According to Nuance Enterprise, 67% of customers prefer to use self-service system than speak with a representative. For those customer-oriented companies who already enjoy Salesforce services and want to get more, the launch of a customer portal on its basis may seem to be an ideal solution to extend the native Salesforce Sales Cloud functionality. However, it’s not that simple. Officially, Salesforce stopped its portals for new organizations in the distant 2013 and introduced a new offer instead – Communities (or Chatter Communities).
At first sight, it seems that everything is clear and understandable: there were portals and now there are communities. But yet a lot of questions arise and people often get confused about the new concept. Let’s try to drill a little deeper to discover the essence of this transition and figure out why ‘Salesforce Customer Portal’ still remains a popular Google search.
Long time ago, Salesforce presented Customer Portals as a pre-configured option (together with two other alternatives – Self-service Portal and Partner Portal), that was intended, as well as Self-service Portal, to provide «an online support channel for the customers allowing them to resolve their inquiries without contacting a customer service representative», but with a richer functionality than the Self-service one. Its mission was to expose Salesforce functionality and CRM data to the customers, to improve customer experience and to become a new channel for communication between a business and a customer.
Primarily, the Customer Portal lets the customers into your company’s internal processes (providing role-based access) and gave them access to knowledge articles, case studies and other similar data. The Portal brought together all the info about the company and its products/services and granted visibility of all company-customer interactions reflected in tickets, orders, bills. It also supported reporting features and displaying other website content.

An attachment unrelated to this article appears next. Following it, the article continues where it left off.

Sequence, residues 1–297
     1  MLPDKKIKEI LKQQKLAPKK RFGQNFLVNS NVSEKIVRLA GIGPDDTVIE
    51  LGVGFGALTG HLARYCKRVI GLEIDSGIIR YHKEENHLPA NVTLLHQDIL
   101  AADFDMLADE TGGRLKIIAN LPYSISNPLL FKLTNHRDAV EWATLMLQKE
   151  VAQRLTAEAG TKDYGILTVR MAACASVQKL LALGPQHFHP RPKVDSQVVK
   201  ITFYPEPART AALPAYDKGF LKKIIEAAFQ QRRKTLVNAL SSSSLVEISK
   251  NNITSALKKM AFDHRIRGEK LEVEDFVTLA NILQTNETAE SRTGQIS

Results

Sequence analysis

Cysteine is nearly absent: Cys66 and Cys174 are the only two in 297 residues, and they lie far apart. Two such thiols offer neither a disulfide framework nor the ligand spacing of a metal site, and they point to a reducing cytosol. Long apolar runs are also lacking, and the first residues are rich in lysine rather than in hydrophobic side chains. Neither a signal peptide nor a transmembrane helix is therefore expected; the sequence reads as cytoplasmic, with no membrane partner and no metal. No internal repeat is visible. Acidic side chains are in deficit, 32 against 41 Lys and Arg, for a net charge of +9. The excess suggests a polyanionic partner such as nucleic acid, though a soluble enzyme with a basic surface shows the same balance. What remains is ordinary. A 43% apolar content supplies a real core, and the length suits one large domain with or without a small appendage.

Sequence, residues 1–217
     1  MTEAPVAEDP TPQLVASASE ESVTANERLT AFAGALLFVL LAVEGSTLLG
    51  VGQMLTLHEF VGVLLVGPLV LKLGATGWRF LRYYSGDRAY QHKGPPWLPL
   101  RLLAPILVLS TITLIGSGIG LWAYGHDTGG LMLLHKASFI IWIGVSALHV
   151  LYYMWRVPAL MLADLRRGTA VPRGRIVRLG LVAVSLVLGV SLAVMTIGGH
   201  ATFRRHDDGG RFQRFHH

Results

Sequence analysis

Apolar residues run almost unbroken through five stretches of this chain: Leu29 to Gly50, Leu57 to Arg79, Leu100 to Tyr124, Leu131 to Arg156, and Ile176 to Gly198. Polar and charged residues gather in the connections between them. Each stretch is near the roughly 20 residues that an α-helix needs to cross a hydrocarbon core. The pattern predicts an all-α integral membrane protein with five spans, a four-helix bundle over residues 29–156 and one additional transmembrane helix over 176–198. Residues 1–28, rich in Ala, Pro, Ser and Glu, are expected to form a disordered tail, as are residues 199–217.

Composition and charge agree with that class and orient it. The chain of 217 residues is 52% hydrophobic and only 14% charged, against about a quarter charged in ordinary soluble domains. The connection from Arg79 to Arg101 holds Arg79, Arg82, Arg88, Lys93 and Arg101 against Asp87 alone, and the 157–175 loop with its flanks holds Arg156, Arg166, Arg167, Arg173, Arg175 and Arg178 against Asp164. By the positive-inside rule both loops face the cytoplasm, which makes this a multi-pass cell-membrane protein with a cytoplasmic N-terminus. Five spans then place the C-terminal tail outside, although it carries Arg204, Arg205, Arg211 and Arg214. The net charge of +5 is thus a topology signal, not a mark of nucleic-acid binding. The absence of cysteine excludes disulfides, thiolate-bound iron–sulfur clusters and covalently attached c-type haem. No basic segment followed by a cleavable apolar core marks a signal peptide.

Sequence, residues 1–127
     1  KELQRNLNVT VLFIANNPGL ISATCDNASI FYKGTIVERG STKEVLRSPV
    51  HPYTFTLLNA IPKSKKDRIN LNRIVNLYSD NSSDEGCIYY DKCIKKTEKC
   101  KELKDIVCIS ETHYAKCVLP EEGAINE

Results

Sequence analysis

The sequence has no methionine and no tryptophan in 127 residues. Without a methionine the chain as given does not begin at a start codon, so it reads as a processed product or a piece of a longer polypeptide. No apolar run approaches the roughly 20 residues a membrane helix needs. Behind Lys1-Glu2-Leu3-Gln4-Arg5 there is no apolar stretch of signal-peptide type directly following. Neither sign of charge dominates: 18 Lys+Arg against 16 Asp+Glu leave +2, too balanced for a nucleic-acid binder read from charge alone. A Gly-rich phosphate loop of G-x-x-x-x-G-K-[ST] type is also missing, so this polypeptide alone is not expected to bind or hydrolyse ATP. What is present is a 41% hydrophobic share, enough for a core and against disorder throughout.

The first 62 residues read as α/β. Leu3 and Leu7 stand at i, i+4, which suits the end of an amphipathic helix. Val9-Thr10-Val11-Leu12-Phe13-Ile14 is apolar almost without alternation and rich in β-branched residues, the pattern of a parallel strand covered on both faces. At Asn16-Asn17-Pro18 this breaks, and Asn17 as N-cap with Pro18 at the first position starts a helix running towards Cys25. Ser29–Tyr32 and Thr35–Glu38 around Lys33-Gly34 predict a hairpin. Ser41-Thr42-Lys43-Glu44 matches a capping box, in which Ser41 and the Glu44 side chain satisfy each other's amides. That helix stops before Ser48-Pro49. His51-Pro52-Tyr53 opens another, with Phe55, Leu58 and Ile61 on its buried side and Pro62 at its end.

And let’s not forget:
- Cloud-based solution (allowed to work from anywhere).
- Pre-packaged format (stood for reduced costs and ease of deployment).
- Trusted Salesforce platform.
- Leverage of Salesforce CRM data.
- Easy integration with third party systems.
In 2013, Salesforce decided to switch to Communities as more collaborative and social working environment. And however confusing might the name «Community» seem, it is not only about chat groups exposed to customers. Community is literally a next-generation portal that combines the functionality of the former Salesforce Customer and Partner Portals and provides some new features in addition. Salesforce Community Cloud offers a variety of options: you can build a portal, a help forum, a support site, HR central, intranet, etc.
Everything is flexible: you can either move fully to Communities, or let the Community co-exist with the Portal in order not to shock your customers with sudden changes, or stick to your old tested solution if you’re fully satisfied with its features and don’t need anything more.
The price of Salesforce Community Cloud is based on its type, needs of your business and volume of usage.
|Self-Service portals||Partner Relationship Management||External Apps|
$2/login or $5/member
Customer Community Plus
$6/login or $15/member
$10/login or $25/member